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Athletes swing through Ninja Lab Sunday in Malta

Athletes swing through Ninja Lab Sunday in Malta

National Ninja League selects local business to hold qualifying event for its world championship event in February
Athletes swing through Ninja Lab Sunday in Malta
Cassie Lillis competes in the 13-14 age division at the National Ninja League Qualifier at Saratoga Ninja Lab in Malta Sunday.
Photographer: Erica Miller / Gazette Photographer

As 15-year-old Aiden Snyder of Scotia swung and climbed his way across a mostly elevated obstacle course on Sunday morning, dozens of spectators cheered him on and watched with bated breath as he neared the end of the course.

Snyder, who had sailed through the challenging course of ropes, smooth walls and floating walls in which competitors had to place pegs into holes to move across them, slipped at the very end of the course down onto a mat underneath him, to loud groans and supportive applause from the audience.

“I went too fast...I just went too fast that time,” Snyder said. Before too much time went by, Snyder would be back on the peg monkey bars, practicing where he slipped the first time.

Snyder was one of over 120 people who competed in the National Ninja League qualifier competition hosted by Saratoga Ninja Lab in Malta over the weekend.

Competitors ranging in age from 6- to 40-years old traveled from across the Capital Region and beyond to participate. Those who qualified earned a spot at the National Ninja League World Championships which will take place in Greensboro, North Carolina, in February.

Inspired by the NBC television show “American Ninja Warrior,” during which contestants make their way through a series of challenging physical obstacles, Saratoga Ninja Lab opened in August 2018.

Less than a year, later a second location was opened in Crossgates Commons, called Albany Ninja Lab. Visitors must utilize a combination of balancing skills, agility, speed, strength and parkour to get through the obstacle course at either of the two locations.

On Sunday afternoon, competitors up to age 17 stood in line, ready to take their turn on the course. In order to qualify for the national competition, athletes had to complete the entire course against the clock. Many of them were practicing swinging from suspended hoops and rubbing chalk on their hands for traction right up until their scheduled competition time.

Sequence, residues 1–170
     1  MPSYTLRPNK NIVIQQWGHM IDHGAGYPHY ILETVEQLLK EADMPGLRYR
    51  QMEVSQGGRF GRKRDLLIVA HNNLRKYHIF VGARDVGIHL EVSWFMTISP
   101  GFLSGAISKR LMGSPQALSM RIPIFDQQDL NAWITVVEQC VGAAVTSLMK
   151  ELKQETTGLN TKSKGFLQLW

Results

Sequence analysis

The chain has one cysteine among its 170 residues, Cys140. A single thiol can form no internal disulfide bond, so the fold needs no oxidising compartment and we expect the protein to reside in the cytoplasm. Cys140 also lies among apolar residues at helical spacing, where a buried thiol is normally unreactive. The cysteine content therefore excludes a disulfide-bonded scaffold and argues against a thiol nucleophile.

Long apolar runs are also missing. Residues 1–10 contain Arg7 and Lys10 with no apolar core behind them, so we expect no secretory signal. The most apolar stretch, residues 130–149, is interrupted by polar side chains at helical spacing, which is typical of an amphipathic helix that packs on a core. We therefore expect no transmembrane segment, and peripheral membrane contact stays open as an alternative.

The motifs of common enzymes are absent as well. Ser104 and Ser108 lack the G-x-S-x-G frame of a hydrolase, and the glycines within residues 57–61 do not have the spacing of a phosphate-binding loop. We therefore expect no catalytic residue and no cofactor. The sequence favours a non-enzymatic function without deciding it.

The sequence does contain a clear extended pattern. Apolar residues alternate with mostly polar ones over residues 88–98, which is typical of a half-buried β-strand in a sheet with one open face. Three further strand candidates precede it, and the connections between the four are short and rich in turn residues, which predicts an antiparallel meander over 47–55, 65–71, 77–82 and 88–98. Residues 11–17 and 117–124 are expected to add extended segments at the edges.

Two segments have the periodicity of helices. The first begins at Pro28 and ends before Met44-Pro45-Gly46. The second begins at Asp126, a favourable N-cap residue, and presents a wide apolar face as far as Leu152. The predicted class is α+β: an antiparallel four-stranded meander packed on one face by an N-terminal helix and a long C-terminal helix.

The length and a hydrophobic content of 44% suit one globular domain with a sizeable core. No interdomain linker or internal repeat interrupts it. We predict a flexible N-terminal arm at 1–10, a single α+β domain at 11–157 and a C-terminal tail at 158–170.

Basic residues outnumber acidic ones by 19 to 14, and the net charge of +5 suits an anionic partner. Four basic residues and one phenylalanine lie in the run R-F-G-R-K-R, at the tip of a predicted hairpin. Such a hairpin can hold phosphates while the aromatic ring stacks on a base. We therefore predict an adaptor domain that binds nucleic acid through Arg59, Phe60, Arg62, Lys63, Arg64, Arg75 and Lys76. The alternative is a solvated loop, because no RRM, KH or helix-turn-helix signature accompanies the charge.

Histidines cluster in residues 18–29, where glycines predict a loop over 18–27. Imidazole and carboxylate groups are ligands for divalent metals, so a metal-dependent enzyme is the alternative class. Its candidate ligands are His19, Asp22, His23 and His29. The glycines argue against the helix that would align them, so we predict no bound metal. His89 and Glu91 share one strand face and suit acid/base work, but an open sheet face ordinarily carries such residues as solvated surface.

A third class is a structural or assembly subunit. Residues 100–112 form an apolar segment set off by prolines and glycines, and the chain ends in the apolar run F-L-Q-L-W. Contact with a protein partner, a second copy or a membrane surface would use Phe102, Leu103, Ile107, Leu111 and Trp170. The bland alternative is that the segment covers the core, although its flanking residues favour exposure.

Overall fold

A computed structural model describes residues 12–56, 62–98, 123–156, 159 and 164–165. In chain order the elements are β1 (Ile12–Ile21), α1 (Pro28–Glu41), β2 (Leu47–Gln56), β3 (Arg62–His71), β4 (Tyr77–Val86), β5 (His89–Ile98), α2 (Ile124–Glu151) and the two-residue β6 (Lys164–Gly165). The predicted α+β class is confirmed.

Dan Kirchner, Ninja Labs' general manager and owner, said on Sunday that usually the business would have been open for its usual programs including classes, camps, open gym or a private event such as a birthday party.

However, when the NNL was searching for a local gym to host one of the first of its regional competitions, the organization landed on the Malta gym due to its past experience hosting competitions and its qualified, well-trained staff.

“It’s really unique,” Kirchner said of the Ninja Lab gym. “You definitely get more fit,” he said.

Ninja Lab, he explained, serves as something different for almost every person who utilizes the course. Some younger users do it to supplement a school sport during the off-season. For some athletes, including adults, it supplements going to the gym regularly, or it functions as their main form of exercise.

The layout of the course and which aspects are emphasized changes depending on each person who uses the gym, Kirchner said. For that reason, any person, regardless of skill level or physical fitness can become involved.

“They can make courses that are appropriate for the different age groups,” he said.

Ninja Lab is also a way to build up confidence, he added. Watching athletes start from square one and progress forward over months is one of the best things about the gym, he said. The gym also fosters a sense of community, exemplified, he said, by the weekend’s competition, where every audience member and participant cheered for each other, regardless of the team they were there with.

“The most important thing people get is definitely the self confidence,” Kirchner said. “You can see it big time in kids but you see it in adults, too."

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